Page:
# Non-Transcendental Numbers Def. What if we allow √14 as a coefficicie?

## Homework Statement

A non-transcendental number is one that's a root of a (non-constant) polynomial with rational coefficients.
Does allowing radicals as coefficients, eg: 5√3, 2^(1/3) get us any new different numbers?

## The Attempt at a Solution

1. In some cases we get no new numbers, eg:
$x^2+\sqrt{3}=0\Leftrightarrow x^6=3$

$x^2+x\sqrt{3}+\sqrt{2}=0\Leftrightarrow x^2+x\sqrt{3}=-\sqrt{2} \Rightarrow x^4+3x^2+2x^3\sqrt{3}=2 \Leftrightarrow x^4+3x^2-2=-2x^3\sqrt{3} \Rightarrow (x^4+3x^2-2)^2=4x^6 \times 3$

We solve this by isolating the radicalss and squaring/cubing/etc them. But with more coefficients it becomes harder. What about a 5th degree polynomials with only cubic radical coefficients?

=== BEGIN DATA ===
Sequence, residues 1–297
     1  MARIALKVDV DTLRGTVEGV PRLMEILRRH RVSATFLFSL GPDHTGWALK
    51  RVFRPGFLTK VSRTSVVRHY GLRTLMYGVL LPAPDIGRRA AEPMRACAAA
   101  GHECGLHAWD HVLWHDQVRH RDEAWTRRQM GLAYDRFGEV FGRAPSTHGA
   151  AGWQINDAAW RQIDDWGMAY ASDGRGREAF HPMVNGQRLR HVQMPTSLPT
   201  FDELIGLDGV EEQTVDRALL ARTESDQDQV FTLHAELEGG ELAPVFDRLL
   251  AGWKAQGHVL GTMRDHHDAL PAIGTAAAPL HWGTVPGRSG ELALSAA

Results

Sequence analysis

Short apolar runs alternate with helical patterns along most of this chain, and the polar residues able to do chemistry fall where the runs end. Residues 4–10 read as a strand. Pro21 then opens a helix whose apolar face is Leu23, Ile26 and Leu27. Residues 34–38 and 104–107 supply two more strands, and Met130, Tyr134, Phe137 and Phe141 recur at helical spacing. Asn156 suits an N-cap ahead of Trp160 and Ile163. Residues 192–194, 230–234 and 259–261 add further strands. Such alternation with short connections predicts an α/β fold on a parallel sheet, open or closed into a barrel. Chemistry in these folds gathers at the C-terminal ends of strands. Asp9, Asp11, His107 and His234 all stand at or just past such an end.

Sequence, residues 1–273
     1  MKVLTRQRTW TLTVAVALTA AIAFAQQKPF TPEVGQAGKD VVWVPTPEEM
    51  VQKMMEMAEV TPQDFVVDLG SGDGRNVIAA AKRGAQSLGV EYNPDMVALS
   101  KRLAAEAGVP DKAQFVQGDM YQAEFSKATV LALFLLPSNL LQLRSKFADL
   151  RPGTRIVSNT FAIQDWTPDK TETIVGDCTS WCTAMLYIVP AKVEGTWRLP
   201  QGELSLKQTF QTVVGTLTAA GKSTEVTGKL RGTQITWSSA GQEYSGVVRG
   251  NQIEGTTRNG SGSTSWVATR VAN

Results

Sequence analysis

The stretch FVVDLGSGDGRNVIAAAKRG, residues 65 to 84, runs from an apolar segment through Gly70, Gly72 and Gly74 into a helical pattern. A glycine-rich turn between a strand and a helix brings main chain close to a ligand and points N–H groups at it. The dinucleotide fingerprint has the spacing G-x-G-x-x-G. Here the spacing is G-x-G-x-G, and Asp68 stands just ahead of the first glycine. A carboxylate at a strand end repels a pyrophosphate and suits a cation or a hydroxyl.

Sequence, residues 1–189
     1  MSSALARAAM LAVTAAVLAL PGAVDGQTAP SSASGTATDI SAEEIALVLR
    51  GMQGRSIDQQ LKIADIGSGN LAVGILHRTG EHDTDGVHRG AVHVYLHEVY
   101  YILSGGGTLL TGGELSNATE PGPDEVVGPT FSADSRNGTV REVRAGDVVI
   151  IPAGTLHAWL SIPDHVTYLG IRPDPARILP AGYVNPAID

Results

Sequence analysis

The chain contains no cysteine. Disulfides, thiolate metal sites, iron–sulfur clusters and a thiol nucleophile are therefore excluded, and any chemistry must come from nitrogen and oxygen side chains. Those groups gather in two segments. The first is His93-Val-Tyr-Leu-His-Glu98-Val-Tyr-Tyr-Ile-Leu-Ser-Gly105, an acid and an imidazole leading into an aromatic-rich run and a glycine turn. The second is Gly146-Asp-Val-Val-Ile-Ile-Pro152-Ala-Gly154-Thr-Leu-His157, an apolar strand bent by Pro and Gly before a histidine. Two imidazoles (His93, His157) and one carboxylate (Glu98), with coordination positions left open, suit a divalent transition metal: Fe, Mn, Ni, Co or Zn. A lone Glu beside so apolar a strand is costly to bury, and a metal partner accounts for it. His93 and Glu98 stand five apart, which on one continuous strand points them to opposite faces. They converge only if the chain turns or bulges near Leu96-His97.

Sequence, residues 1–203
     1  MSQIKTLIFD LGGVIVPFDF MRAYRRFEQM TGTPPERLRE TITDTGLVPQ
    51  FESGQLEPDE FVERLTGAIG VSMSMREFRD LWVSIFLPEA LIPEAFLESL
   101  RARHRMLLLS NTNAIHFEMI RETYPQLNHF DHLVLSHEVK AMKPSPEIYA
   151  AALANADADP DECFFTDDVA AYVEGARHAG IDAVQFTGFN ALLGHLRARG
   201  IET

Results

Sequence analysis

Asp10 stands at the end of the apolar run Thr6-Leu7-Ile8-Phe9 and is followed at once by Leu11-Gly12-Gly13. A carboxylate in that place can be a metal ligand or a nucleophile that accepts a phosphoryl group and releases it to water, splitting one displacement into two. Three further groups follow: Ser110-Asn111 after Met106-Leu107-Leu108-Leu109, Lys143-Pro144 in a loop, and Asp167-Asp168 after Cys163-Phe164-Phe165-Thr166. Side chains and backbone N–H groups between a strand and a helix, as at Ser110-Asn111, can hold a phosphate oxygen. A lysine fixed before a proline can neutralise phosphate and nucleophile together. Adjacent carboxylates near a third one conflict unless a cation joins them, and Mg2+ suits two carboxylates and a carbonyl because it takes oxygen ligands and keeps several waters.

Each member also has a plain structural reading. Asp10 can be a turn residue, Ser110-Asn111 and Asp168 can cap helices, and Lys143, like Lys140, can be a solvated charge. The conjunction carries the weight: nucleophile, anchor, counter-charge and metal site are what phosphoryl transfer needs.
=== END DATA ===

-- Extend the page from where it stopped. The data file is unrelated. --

So the question is:
-Do we get new non-trascendental numbers if we allow rational AND radicals as coefficients.
-Can we always turn a polynomial with radical coefficients into a one with rational coefficients?

PS: By radicals I mean just some number that's written with the nth-root symbol. Use whatever definition you feel fits best.

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dextercioby
Homework Helper

No, you can get rid of all the (finite nr. of) radicals after a finite number of raising to a suitable natural power, so that the definition of algebraic numbers is exhaustive.

No, you can get rid of all the (finite nr. of) radicals after a finite number of raising to a suitable natural power, so that the definition of algebraic numbers is exhaustive.
How exactly can you always just raise them to a suitable power without creating additional radicals to be solved?

Dick